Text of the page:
Percutaneous aortic valve replacement
|Percutaneous aortic valve replacement|
|Other names||Transcatheter aortic valve implantation|
|Complications||Stroke risk is 4-5% higher in the high-risk patients compared to SAVR|
|Outcomes||Successful rate: 92%.|
Percutaneous aortic valve replacement (PAVR), also known as percutaneous aortic valve implantation (PAVI), transcatheter aortic valve implantation (TAVI) or transcatheter aortic valve replacement (TAVR), is the replacement of the aortic valve of the heart through the blood vessels (as opposed to valve replacement by open heart surgery). The replacement valve is delivered via one of several access methods: transfemoral (in the upper leg), transapical (through the wall of the heart), subclavian (beneath the collar bone), direct aortic (through a minimally invasive surgical incision into the aorta), and transcaval (from a temporary hole in the aorta near the navel through a vein in the upper leg), among others.
Severe symptomatic aortic stenosis carries a poor prognosis. At present there is no treatment via medication, making the timing of aortic valve replacement the most important decision to make for these patients. Until recently, surgical aortic valve replacement was the standard treatment for adults with severe symptomatic aortic stenosis. However, the risks associated with surgical aortic valve replacement are increased in elderly patients and those with concomitant severe systolic heart failure or coronary artery disease, as well as in people with comorbidities such as cerebrovascular and peripheral arterial disease, chronic kidney disease, and chronic respiratory dysfunction.
Patients with symptomatic severe aortic stenosis have a mortality rate of approximately 50% at 2 years without intervention. In patients who are deemed too high risk for open heart surgery, TAVR significantly reduces the rates of death and cardiac symptoms. As of 2017[update] TAVR was not routinely recommended for low risk patients in favor of surgical aortic valve replacement, however it is increasingly being offered to intermediate risk patients, based on recent studies showing it to be non-inferior to surgical aortic valve replacement.
Transapical TAVR is reserved for patients for whom other approaches are not feasible: an evidence-based BMJ Rapid Recommendation made a strong recommendation against transapical TAVR in people who are also candidates for either transfemoral TAVR or surgery. People who have the option of either transfemoral TAVR or surgical replacement are likely to choose surgery if they are younger than 75 and transfemoral TAVR if they are older than 75. The rationale for age-based recommendations is that surgical aortic valve replacements are known to be durable long-term (average of durability of 20 years) so people with longer life expectancy would be at higher risk if TAVR durability is worse than surgery.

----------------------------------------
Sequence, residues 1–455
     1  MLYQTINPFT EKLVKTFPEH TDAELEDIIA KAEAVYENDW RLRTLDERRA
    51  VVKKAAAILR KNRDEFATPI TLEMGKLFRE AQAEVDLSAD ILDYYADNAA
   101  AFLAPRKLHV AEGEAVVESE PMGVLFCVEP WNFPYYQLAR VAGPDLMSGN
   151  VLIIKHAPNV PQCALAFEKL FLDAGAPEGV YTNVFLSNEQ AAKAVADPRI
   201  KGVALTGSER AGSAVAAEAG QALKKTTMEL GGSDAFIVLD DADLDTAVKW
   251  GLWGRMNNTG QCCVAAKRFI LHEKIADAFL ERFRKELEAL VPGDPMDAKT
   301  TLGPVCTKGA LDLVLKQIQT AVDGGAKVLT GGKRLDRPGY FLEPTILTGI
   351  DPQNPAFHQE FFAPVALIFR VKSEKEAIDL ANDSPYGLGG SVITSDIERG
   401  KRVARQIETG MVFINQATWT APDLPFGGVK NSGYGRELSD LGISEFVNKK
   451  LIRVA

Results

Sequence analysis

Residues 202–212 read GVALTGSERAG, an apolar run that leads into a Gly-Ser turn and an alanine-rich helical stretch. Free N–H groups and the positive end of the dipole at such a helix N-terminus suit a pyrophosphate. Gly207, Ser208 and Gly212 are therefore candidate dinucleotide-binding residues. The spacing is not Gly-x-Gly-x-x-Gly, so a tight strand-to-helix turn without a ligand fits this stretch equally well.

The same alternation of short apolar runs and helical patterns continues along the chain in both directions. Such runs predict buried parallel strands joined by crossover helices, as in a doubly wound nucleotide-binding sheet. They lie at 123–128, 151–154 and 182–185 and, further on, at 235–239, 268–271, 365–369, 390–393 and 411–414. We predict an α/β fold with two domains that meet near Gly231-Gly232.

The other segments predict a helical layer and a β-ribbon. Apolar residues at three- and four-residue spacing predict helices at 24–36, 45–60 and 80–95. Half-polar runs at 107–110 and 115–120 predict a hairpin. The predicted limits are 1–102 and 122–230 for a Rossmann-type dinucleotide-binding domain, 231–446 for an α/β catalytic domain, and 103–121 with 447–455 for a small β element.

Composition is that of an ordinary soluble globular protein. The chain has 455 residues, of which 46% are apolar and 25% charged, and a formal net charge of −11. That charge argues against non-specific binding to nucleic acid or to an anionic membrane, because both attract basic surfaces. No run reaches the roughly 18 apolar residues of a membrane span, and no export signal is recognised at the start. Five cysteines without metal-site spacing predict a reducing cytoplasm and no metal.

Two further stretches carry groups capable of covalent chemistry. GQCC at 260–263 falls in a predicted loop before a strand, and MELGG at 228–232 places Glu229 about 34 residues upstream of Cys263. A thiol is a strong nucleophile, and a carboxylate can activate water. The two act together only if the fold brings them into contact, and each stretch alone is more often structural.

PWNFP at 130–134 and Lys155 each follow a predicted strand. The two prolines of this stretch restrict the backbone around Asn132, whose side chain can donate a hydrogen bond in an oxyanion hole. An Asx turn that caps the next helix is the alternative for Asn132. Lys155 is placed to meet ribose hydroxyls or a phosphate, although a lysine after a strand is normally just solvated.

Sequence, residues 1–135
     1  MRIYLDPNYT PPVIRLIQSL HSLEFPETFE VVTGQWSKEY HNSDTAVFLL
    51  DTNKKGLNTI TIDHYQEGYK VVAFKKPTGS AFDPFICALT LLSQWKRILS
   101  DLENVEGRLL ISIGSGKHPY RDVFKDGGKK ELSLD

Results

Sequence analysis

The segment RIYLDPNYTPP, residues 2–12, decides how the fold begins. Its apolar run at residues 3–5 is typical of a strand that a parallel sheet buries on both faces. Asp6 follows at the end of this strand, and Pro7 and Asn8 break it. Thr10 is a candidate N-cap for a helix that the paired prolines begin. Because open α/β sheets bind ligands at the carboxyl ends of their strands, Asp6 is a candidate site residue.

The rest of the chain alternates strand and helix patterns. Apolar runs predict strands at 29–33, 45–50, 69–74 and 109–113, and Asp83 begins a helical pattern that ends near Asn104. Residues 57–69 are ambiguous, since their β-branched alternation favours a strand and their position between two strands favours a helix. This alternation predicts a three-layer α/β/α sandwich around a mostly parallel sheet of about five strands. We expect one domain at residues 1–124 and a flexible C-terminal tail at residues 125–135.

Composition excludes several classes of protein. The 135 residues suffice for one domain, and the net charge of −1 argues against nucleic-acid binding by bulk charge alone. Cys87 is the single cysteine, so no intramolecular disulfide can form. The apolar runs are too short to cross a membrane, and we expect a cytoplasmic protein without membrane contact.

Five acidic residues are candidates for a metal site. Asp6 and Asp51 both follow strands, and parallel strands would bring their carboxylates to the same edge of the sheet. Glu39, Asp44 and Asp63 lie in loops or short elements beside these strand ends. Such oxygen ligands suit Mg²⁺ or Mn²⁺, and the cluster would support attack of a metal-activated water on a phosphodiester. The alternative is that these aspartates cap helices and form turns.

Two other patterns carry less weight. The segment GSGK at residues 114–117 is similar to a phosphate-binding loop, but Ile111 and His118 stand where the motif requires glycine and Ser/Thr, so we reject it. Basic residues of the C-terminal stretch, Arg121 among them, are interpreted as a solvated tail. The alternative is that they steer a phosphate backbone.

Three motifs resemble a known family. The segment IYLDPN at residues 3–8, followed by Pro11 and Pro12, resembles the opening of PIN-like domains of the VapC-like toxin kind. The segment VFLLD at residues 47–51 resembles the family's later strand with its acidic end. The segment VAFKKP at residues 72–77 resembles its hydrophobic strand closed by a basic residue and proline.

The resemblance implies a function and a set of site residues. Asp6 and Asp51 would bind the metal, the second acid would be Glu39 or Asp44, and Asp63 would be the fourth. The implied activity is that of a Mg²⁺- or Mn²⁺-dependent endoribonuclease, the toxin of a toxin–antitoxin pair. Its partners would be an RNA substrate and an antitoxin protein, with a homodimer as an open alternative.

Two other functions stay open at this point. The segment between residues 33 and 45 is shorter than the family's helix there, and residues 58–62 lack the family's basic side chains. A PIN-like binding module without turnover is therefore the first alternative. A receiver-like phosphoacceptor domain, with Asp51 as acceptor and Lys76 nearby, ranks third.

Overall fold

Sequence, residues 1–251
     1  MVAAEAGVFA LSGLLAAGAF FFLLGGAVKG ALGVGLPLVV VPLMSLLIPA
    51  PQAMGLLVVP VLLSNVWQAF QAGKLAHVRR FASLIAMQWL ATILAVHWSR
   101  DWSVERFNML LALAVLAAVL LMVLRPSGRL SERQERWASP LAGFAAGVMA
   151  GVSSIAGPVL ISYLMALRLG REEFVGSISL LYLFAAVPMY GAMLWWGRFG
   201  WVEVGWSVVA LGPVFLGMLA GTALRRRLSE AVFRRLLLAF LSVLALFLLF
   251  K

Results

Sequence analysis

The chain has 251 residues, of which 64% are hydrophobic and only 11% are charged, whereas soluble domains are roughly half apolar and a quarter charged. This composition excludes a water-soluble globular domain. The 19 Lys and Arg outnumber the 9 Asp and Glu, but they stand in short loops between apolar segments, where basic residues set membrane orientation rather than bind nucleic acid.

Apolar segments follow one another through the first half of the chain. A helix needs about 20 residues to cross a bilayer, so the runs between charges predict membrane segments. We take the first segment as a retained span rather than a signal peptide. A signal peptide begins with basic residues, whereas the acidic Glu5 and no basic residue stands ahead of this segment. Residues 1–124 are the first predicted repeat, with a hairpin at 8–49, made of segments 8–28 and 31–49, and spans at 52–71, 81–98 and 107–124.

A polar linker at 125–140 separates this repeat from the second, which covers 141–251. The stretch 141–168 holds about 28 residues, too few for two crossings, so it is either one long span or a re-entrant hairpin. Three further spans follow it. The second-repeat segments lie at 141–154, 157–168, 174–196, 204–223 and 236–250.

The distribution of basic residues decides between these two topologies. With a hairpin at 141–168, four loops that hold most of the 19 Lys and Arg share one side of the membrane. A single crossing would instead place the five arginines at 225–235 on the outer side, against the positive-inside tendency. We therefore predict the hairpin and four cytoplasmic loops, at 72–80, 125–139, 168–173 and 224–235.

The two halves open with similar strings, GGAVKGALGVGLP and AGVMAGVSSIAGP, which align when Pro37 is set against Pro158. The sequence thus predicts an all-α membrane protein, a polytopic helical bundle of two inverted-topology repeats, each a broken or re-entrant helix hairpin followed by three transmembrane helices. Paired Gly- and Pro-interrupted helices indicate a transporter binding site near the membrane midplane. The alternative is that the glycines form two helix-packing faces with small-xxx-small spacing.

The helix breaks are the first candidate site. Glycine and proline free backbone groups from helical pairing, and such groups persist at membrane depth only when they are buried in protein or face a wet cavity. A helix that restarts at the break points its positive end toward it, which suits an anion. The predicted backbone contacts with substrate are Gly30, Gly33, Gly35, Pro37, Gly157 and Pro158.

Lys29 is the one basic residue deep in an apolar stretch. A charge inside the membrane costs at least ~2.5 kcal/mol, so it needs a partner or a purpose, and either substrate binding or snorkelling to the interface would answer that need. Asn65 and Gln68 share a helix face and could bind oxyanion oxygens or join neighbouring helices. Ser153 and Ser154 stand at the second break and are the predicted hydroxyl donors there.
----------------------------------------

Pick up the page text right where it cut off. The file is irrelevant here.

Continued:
Medtronic's CoreValve Transcatheter Aortic Valve is constructed of a self-expanding Nitinol frame and delivered through the femoral artery. This device received FDA approval in January 2014.
Boston Scientific's Lotus Valve system was awarded CE approval in October 2013. It allows the final position to be assessed and evaluated before release and has been designed to minimise regurgitation.
St Jude Medical's Portico Transcatheter aortic valve received European CE mark approval in December 2013. The valve is repositionable before release to ensure accurate placement helping to improve patient outcomes.
The devices are implanted without open heart surgery. The valve delivery system is inserted in the body, the valve is positioned and then implanted inside the diseased aortic valve, and then the delivery system is removed. The catheter based delivery system can be inserted into the body from one of several sites.
The transfemoral approach requires the catheter and valve to be inserted via the femoral artery. Similar to coronary artery stenting procedures, this is accessed via a small incision in the groin, through which the delivery system is slowly fed along the artery to the correct position at the aortic valve. A larger incision in the groin may be required in some circumstances.